During this talk that Duane Michals gives at the Leslie & Lohman museum of gay and lesbian art, he discusses many of his photographic series, but there is just one he mentions that I am focussing on: ‘The Unfortunate Man’
“The unfortunate man could not touch the one he loved.
It had been declared illegal by the law.
Slowly his fingers became toes and his hands gradually became feet.
He began to wear shoes on his hands to disguise his pain.
It never occurred to him to break the law”
This is the text that is written beneath the photograph in the artists handwriting. Duane Michals doesn’t just photograph the surface of the subject and accept it as fact, instead his photographs display more of an insight. He talks about wanting to penetrate beneath what is being shown and understand the emotion and feeling of a scene.
When he is discussing this photograph he talks about not letting other people define you, because if you do then you will never be free. Not to let the law, the church or the public define you or else you will be limited to what they say you are and want you to be.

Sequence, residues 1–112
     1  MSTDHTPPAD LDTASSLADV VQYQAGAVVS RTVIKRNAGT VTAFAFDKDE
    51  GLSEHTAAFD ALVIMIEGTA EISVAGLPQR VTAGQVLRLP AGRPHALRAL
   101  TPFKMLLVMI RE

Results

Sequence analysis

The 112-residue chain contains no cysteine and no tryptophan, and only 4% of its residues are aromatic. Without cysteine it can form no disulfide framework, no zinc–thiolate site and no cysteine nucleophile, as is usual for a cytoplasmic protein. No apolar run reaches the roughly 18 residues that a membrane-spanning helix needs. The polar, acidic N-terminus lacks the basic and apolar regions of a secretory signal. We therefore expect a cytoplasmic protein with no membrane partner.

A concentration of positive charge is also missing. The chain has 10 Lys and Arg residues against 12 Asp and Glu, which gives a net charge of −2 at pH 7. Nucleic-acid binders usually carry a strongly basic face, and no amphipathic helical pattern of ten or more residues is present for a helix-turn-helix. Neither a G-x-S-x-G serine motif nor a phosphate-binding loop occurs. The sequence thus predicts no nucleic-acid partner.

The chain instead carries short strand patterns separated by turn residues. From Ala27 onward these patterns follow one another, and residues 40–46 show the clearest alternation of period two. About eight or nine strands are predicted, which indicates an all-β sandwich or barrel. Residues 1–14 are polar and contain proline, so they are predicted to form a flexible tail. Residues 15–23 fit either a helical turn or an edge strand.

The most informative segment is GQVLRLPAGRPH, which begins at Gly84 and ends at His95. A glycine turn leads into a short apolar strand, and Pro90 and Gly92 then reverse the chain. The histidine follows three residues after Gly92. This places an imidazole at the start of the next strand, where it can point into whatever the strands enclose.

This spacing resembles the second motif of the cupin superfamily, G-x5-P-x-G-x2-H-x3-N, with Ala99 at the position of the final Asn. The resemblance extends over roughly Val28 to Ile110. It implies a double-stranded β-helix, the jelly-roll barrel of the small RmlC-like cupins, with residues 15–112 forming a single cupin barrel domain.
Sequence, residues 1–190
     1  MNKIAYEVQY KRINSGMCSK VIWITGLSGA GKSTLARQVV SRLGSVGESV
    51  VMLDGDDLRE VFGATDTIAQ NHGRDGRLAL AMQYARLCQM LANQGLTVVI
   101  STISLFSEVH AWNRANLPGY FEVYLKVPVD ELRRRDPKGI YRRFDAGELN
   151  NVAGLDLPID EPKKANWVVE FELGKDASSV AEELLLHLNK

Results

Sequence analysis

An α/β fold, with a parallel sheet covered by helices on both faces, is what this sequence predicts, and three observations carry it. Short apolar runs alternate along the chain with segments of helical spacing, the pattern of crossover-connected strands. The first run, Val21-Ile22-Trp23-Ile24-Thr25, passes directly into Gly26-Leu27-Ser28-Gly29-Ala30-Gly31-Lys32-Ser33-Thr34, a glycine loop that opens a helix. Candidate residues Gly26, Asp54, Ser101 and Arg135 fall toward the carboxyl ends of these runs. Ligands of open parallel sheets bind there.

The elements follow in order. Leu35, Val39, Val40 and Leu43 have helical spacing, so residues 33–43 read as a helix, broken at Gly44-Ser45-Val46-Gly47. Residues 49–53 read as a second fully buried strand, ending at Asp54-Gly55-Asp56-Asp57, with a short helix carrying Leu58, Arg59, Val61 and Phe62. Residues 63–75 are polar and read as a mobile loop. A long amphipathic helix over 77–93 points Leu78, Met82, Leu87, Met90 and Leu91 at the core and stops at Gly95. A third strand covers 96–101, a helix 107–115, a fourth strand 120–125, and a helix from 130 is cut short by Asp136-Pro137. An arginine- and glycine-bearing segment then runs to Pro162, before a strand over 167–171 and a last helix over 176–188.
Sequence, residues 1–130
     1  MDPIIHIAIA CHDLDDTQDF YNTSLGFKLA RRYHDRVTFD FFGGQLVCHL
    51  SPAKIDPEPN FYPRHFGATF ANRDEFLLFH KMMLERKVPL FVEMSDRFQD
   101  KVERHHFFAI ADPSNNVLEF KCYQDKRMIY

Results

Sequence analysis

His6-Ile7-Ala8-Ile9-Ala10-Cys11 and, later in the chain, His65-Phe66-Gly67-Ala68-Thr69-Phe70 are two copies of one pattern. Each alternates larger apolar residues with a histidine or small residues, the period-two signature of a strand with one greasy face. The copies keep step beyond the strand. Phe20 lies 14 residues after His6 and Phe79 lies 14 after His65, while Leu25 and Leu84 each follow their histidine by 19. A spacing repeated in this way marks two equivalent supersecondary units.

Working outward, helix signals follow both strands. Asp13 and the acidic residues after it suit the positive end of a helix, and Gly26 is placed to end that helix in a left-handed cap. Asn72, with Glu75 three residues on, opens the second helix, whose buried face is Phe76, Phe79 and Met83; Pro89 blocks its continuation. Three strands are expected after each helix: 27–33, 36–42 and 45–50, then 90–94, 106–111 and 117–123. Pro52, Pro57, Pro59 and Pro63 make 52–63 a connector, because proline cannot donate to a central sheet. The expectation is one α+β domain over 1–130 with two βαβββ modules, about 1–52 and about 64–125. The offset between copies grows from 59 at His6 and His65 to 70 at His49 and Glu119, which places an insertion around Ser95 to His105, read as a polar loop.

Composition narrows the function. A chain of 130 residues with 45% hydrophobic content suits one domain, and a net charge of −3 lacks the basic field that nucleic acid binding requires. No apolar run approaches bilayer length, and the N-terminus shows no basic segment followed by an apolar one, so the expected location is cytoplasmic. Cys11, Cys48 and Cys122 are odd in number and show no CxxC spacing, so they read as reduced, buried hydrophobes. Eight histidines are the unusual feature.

‘The Unfortunate Man’ is used as an example, for a situation which many gay people find themselves in. Because “it never occurred to him to break the law” this character let the law define him, restrict him, stopping him from being free.
This work has helped to clarify the direction my research is headed. Challenging beliefs and ideas of gay people through various representations, is a re-occuring theme throughout the research I have been doing. From analysing the characters Charles Hawtrey and Rock Hudson and how they challenged the notion of masculinity to Felix Gonzalez-Torres’s attempt to dis-associate the the homosexual body from the Aids epidemic. There are still areas that gay people need further representation, and I have already identified the lack of representation within sport, which could further challenge beliefs.